Follicular lymphoma (FL) accounts for 10% to 20% of all newly diagnosed non-Hodgkin lymphomas, making it one of the most common subtypes of lymphoma. Although considered incurable, advances in treatment have drastically increased the overall survival for patients, with many patients having very long-term survival after diagnosis. Treatment advances, combined with a better understanding of disease characteristics, offer promise in the search for a cure for this disease.

In a review article published in The Cancer Journal, Stefano Luminar, MD, from the department of surgical, medical, and dental sciences related to transplant, oncology, and regenerative medicine at the University of Modena and Reggio Emilia in Italy, and colleagues examined how far treatment has come, limitations to choosing the right treatment, and where the management of FL is heading. Overall survival for advanced disease is near 90%, and the median overall survival (OS) is around 20 years; however, relapse remains a major concern for long-term survival.

By better understanding prognostic indicators, clinicians can identify patients more likely to relapse. These indicators can also guide decisions for initial treatment, maintenance therapy, and relapse treatment. “[E]fforts to identify these patients at high risk of early treatment failure have become a key research priority in the field,” wrote the investigators.

Staging and Prognosis

FL is typically an indolent disease that responds well to initial treatment but has a known risk of relapse. A powerful prognostic factor, staging is a key component in determining therapeutic direction. In addition, several other clinical characteristics at diagnosis hold prognostic significance.


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Bone marrow biopsy and positron emission tomography (PET) frequently demonstrate advanced FL at presentation, with about 10% to 15% of patients having localized disease that often responds well to curative c. About 20% to 25% have advanced, asymptomatic, and low-volume disease that does not necessitate immediate treatment. These patients are monitored until a clear disease progression is observed. Most patients (60% to 70%) have advanced disease or high tumor burden at diagnosis, requiring systemic treatment.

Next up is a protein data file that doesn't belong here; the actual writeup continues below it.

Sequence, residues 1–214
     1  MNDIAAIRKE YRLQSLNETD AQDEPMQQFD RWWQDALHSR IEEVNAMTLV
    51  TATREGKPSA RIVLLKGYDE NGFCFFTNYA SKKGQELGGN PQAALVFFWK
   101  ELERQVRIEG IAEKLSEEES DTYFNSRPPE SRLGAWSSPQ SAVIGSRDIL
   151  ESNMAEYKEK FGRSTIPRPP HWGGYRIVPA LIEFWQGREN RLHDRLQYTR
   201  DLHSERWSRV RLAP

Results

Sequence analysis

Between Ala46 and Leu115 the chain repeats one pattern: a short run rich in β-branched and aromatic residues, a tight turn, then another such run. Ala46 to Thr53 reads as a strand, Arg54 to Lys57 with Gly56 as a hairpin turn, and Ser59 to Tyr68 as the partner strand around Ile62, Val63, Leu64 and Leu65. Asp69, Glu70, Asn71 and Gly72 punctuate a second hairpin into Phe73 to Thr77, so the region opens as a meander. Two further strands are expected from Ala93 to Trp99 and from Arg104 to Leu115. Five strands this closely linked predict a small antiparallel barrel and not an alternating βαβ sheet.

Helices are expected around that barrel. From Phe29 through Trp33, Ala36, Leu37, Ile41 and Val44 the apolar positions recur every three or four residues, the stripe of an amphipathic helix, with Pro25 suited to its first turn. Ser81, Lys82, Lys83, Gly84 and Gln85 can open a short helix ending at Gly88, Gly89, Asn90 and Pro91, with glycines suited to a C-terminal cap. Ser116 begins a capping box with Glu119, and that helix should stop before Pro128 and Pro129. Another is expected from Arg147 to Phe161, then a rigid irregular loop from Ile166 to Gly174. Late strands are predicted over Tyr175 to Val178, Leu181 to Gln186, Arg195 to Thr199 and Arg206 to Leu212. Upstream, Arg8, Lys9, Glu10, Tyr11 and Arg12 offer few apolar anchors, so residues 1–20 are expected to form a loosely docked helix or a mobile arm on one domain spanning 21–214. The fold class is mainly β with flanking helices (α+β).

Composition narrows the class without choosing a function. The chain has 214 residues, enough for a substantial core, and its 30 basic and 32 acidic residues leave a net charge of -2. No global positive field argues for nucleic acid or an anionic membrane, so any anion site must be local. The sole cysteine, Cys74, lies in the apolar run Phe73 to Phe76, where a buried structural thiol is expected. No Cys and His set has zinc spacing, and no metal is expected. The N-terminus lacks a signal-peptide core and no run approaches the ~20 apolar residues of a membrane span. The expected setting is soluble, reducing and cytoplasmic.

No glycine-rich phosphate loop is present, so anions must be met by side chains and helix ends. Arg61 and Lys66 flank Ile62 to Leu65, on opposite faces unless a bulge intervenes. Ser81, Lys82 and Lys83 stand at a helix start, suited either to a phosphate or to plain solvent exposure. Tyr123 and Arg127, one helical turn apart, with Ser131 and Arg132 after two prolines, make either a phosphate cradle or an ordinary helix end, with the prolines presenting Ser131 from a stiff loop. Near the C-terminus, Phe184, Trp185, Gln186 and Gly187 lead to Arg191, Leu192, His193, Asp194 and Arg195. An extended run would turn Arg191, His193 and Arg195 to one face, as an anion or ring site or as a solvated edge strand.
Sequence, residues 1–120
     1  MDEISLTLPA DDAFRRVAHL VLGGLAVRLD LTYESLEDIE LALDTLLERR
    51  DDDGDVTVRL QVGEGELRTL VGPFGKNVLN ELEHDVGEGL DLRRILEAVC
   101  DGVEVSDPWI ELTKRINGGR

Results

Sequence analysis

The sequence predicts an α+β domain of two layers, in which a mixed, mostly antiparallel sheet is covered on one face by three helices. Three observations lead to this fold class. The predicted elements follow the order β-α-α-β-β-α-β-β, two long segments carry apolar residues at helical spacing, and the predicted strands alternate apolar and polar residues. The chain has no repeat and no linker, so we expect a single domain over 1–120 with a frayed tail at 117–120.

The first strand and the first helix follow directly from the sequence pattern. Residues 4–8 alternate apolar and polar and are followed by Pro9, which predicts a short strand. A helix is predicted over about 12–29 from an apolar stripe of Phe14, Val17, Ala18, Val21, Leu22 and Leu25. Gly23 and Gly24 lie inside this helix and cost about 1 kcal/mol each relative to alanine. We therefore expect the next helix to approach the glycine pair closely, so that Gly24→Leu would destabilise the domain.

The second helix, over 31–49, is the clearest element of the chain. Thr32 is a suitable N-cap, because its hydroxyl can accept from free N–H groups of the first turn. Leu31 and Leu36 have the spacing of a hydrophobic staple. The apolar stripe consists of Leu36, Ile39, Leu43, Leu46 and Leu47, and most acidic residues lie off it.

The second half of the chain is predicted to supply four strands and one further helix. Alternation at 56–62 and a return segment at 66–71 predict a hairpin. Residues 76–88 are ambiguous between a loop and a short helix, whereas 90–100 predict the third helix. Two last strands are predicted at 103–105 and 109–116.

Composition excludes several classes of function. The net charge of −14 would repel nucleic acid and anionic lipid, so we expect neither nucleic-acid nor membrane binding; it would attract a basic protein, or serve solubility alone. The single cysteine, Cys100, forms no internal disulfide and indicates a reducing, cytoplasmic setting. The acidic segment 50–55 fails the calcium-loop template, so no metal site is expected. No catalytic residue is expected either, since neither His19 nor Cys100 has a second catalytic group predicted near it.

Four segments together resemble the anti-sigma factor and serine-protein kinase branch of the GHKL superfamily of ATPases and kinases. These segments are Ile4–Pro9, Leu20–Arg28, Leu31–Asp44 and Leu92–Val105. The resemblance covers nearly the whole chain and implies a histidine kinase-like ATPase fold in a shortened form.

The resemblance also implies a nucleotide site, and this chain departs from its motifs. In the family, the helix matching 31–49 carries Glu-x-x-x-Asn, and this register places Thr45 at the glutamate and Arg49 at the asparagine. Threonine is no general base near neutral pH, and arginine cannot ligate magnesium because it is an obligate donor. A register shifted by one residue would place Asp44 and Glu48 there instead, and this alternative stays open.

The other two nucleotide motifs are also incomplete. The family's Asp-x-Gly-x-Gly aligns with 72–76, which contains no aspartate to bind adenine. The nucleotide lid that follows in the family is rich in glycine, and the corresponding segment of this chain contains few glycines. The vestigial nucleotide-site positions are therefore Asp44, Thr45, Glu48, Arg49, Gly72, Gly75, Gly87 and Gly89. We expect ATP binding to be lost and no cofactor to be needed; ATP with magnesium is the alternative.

Several indices stratify patients into low-risk and high-risk groups with differences in OS and progression-free survival (PFS) based on clinical features of the disease. The most common index is the Follicular Lymphoma International Prognostic Index (FLIPI). This defines 5 clinical factors:

  • More than 4 nodal areas
  • A greater than normal level of serum lactate dehydrogenase (LDH)
  • Age older than 60 years
  • Advanced stage disease
  • Hemoglobin less than 120 g/L

The FLIPI2 index adds bone marrow involvement, node diameter, and B2 microglobulin (B2M) as additional prognostic factors. The most recent index from the PRIMA trial (ClinicalTrials.gov Identifier: NCT00140582) uses only bone marrow biopsy and B2M greater than normal.

Progress in next-generation sequencing also adds to risk stratification. When gene expression profiling was conducted using information from patients in the PRIMA study, an expression-based predictor of PFS was created using 23 genes. Validated in 3 independent groups, the gene expression profiling was able to predict PFS independent of maintenance therapy and FLIPI tools. Future gene-expression profiling tools must be more readily available and tested in larger cohort studies in order to demonstrate validity.

Response to first-line treatment as measured by PET scans may also help predict outcomes. The authors noted a review study that found that fewer patients who were postinduction PET-positive after initial treatment remained progression-free at 4 years than those with a PET negative scan.

This article originally appeared on Hematology Advisor